You can encode your code using ionCube and similar products. Your client won't be able to view, study or take it. However, everything can be reverse engineered meaning that, no matter how you encode your code, it can be decoded. For example, ionCube can be decoded with decry.pt. It works, I can confirm it. So you'll never be able to really secure your code ...


9

When a new bug is found, in this case in wordpress, the first thing hackers will do is try to find vulnerable sites that use wordpress. A good way of doing it is trying to find wp-admin pages on google. Maybe will even use automated tools to find-and-exploit sites based on that. Avoiding that would be the main security reason for doing it. If you have no ...


9

This looks like the output of a browser extension, which means only users with the extension installed will see the badge. For example, Mcafee SECURE Safe Browsing place a similar badge next to "safe" sites according to TrustedSite.com You can apply for such a badge at https://www.trustedsite.com/signup?re=addsite


8

First of all -- this really depends on your server configuration -- if such modifications are allowed to be performed on directory level (section is not locked on parent/server level). In order to disable execution of specific file extension yo need to know the handler name that is responsible for this. On each system this name can be different, especially ...


8

Some folks get a fair amount of traffic by allowing themselves to be framed by social network sharing sites like StumbleUpon - if your page is at all likely to be shared, I'd avoid doing this, and handle instances of framing in another way. Also, your site can already be sucked in and repurposed by benign services like Google Translate - and I believe an ...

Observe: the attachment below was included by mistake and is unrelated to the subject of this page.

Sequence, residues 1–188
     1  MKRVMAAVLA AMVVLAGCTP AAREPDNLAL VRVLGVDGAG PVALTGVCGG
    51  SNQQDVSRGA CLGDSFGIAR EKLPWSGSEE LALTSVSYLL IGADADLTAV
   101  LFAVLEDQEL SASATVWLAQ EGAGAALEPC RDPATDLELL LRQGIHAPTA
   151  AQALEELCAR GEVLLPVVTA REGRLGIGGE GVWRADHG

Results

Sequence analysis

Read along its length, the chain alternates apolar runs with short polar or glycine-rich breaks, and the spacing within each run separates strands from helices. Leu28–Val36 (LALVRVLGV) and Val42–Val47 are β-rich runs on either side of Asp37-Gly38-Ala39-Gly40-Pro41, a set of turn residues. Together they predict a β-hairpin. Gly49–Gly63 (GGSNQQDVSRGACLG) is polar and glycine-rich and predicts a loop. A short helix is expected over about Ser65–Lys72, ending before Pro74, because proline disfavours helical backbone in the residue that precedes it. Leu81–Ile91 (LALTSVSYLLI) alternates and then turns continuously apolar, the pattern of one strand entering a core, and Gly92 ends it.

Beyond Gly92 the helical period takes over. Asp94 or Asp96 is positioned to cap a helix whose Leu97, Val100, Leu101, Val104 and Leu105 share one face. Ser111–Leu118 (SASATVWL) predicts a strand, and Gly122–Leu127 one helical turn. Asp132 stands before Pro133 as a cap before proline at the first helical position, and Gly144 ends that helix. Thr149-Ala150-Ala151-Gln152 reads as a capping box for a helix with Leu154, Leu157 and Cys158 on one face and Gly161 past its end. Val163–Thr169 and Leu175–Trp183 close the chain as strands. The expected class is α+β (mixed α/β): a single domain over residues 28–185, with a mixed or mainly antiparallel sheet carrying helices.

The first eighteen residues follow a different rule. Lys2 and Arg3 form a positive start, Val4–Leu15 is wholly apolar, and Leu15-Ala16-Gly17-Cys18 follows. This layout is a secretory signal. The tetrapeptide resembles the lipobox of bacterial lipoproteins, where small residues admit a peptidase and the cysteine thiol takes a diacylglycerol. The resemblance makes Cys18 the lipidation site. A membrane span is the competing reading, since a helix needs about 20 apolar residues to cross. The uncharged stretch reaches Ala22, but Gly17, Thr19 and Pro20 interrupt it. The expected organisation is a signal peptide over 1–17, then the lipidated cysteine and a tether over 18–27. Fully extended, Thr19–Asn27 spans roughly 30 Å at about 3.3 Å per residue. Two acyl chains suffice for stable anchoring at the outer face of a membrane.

8

From their suggestion page: The technology has to be discoverable in either the page body, cookies or server headers. In theory, this could also involve things like testing known locations, such as http://example.com/wp-admin/ Most applications let you hide various bits of such identifying information, but on the whole: get over it if not. Hiding what ...


8

You have implemented a Cross Site Scripting (XSS) vulnerability. This type of injection vulnerability can be used by an attacker to steal the credentials of your users, or make users perform actions on your site or against other sites without their knowledge. For more information about XSS see wikipedia: http://en.wikipedia.org/wiki/Cross-site_scripting ...


8

Without additional safety, no. Random URLs are crawled all the time. However, this is good when done with a sign-on page to authenticate the user. An intermediate solution is to make sure the status page contains no personal data, only general info. For example, 'PAID BY CC' rather than 'PAID by VISA 1234567891' and 'Shipped' instead of 'Shipped to John Doe,...


8

Security issue? Doubt it. It just makes your site more visible to people who likes to attack wordpress sites. Other than the visibility everything is the same, security through obscurity is not something you should rely on anyway. Useless? Definitely. There is no reason to allow indexing of your admin login in your site. You don't want your users finding a ...


8

Bruteforce hashes You could bruteforce the hash that is stored in the database. WordPress uses phpass for hashing. Per default, WordPress does not use blowfish or similar, but just md5 with an iteration count of 8192. If you just want to find really bad passwords, bruteforcing is certainly feasible. But I would consider this a rather big violation of ...